Wednesday, 26 December 2007

Eid and Christmas: Khutbas and Turkey

Eid-al-Adha was an interesting day this year. For one, the car park at Glasgow Central Mosque was not as jam packed with cars as it usually is. However, the mosque was pretty full with a nice atmosphere. The Imam gave a pretty down the middle sermon (khutba) in which good and bad, right and wrong were clearly defined. He said that we must accept when ‘brothers want to dress and look in the way that our beloved prophet did’ or when ‘sisters want to dress in the correct manner’ and his rational was based on the idea that when we have people wanting to follow one, two or no God then why must our dress code be such shock horror. Hmm, somehow I feel the theology is weak for surely there is a difference between what we wear and what we believe? Even the prostitute during the time of the prophet was guaranteed paradise for just feeding a thirsty cat with some water. I found the prayer very spiritual and the Imam did a great job in showing the love and compassion to all in these prayers.

Christmas was sunny! I started the festivities with Midnight Mass at Saint Andrews Catholic Cathedral in Clyde Street, Glasgow. I went with my tennis coach and some other friends. I was amazed so see so many non-white faces, it was one of the most multicultural congregations I had seen in a Church. The sermon was full of many formalities and let’s not forget the incense!

On Christmas morning I went to Saint Augustines Episcopal Church in Dumbarton where Father Kenny gave a wonderful sermon. He recalled a primary school nativity play where a Down syndrome boy had just one line to say, “There is no room at the Inn” for Mary and Joseph. The teachers gave out a sigh of relief that he had managed the lines when they turned to see that he had ran behind Mary and Joseph and gasped out, “But it’s ok my mammy has a spare room that you can stay in!”. A beautiful example of innocent love, a love that at times is non-existent in the adult as it filters through the complexities of our ugly world and loses its place in our hearts. I had Christmas Lunch at a Methodist Ministers house. We sat and watched Her Majesty the Queen give her Christmas speech. She made an interesting point of remembering those servicemen who are out in the battle field as we sit to feast ourselves on a Halal turkey!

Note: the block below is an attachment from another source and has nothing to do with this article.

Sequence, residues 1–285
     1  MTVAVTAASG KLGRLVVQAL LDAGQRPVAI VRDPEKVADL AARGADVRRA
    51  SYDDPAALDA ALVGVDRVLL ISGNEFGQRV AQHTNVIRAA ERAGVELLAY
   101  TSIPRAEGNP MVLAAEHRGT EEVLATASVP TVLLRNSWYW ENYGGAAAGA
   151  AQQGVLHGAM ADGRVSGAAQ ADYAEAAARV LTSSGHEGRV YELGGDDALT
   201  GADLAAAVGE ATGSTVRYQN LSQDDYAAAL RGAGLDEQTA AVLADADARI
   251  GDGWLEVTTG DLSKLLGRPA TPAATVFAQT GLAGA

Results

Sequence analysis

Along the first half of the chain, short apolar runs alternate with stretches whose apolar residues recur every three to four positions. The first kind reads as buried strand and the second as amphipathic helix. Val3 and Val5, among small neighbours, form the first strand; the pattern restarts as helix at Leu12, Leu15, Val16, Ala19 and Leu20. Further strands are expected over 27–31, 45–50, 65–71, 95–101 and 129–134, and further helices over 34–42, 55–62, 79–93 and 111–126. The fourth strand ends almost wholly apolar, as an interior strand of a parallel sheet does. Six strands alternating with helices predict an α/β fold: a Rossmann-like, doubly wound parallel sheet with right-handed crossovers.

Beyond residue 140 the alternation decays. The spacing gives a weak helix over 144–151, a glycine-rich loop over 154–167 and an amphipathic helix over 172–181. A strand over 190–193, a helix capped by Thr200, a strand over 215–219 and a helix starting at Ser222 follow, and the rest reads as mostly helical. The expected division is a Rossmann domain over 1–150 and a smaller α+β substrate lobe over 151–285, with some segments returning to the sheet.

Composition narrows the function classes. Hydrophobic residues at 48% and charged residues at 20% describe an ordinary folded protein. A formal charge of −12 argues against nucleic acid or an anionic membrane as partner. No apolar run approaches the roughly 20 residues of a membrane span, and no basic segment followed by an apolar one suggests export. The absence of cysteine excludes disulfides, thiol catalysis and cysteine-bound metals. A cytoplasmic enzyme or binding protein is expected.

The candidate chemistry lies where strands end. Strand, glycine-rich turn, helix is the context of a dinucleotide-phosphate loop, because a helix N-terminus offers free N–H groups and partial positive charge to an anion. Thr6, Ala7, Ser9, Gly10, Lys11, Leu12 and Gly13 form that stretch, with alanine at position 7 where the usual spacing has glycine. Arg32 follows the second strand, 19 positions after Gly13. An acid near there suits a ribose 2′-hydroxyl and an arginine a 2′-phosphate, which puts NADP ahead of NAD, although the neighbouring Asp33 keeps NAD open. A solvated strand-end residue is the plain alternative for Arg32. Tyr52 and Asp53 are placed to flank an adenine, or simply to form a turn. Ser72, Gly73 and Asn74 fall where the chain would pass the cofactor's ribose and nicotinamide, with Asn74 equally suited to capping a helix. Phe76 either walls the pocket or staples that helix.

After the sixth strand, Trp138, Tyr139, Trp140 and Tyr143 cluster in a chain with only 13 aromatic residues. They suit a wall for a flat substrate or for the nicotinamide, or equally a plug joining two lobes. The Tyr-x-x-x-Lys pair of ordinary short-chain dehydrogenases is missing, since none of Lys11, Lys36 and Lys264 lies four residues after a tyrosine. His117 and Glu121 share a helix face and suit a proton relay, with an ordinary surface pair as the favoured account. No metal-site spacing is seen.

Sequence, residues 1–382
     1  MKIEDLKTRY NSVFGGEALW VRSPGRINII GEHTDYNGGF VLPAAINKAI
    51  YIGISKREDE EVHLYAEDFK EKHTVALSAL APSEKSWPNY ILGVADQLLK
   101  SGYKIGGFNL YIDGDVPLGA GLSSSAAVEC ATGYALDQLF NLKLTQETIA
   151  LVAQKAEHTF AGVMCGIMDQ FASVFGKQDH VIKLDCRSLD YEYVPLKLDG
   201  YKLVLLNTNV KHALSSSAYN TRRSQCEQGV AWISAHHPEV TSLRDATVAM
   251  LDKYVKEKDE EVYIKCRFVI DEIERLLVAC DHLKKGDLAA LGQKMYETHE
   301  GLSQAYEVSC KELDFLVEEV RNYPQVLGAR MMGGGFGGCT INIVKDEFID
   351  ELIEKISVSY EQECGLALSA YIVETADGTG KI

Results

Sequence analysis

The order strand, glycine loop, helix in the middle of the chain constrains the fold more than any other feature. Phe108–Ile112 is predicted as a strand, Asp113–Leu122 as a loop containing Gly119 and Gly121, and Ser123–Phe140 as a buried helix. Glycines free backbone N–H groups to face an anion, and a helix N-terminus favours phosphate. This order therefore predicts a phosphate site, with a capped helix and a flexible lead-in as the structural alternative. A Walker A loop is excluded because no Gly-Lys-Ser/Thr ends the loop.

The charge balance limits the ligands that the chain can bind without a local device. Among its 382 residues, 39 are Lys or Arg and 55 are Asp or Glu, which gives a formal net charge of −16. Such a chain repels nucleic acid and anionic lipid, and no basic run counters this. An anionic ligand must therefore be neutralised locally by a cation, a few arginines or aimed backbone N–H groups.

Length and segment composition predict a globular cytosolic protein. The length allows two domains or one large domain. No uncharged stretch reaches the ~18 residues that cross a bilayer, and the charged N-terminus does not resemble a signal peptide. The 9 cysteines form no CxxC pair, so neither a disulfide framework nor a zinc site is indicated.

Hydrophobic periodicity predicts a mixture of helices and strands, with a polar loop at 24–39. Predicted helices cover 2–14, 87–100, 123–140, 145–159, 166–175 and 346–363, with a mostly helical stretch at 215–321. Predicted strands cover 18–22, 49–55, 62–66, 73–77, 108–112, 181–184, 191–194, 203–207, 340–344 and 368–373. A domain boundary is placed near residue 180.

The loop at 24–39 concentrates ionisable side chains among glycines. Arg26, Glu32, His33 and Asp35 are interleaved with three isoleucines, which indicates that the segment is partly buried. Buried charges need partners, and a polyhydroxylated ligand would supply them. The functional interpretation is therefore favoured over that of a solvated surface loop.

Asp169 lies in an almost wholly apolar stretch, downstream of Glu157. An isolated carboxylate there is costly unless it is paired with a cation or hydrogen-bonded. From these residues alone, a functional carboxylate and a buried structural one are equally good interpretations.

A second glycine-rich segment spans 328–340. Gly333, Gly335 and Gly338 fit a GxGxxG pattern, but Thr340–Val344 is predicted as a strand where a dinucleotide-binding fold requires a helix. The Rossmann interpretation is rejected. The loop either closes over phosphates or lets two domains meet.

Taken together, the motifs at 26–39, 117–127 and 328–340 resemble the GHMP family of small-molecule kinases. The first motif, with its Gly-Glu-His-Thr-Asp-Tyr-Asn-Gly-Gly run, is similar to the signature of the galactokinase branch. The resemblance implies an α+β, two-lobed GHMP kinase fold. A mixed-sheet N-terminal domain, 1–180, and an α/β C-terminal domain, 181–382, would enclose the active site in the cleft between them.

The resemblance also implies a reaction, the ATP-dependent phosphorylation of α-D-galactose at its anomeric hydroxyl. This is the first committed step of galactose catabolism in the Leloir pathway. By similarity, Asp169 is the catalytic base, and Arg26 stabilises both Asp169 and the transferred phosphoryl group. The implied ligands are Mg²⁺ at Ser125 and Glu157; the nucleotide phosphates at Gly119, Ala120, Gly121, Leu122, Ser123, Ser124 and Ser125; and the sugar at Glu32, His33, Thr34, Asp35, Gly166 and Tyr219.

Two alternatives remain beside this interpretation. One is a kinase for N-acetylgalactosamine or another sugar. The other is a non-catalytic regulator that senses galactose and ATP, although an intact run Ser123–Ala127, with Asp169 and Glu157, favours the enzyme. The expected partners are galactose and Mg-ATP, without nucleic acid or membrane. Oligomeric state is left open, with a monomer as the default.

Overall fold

I want to keep this short so here are a few of my conclusions to these two important events in the Muslim and Christian calendar. Sermons need to relate to the lives of the congregation. A good step has been taken in Glasgow Central Mosque to recruit English-speaking Imams but we need Scottish born Imams! We need sermons to be in English that talk about Scottish life. Ethics and morality become an ideal without any examples from our lives in Scotland. There are times when I feel there are some examples but it always turns out to be examples which highlight something ugly in Scottish society. For example to highlight the effects of alcohol, Imams will illustrates its negative effect by talking about the binge culture of a few Scots and all the antics of some hedonists on a Friday night! This is not what makes me feel proud as a Scot. If we as Muslims want others to seek the beautiful in our faith then we must seek the beautiful in all that surrounds us too and accept it as ours, correcting what is bad for our society. In the Catholic Cathedral there was a presence of women at the altar, notably when they read scripture. Women must have a presence in Mosques that is visible to everyone. The prophet’s wives did not sit on a balcony and teach the faith! They took an active part in the promotion of good and this is what we need at the very heart and soul of the Muslim life. I pray that everyone had a wonderful Eid and a special Christmas!

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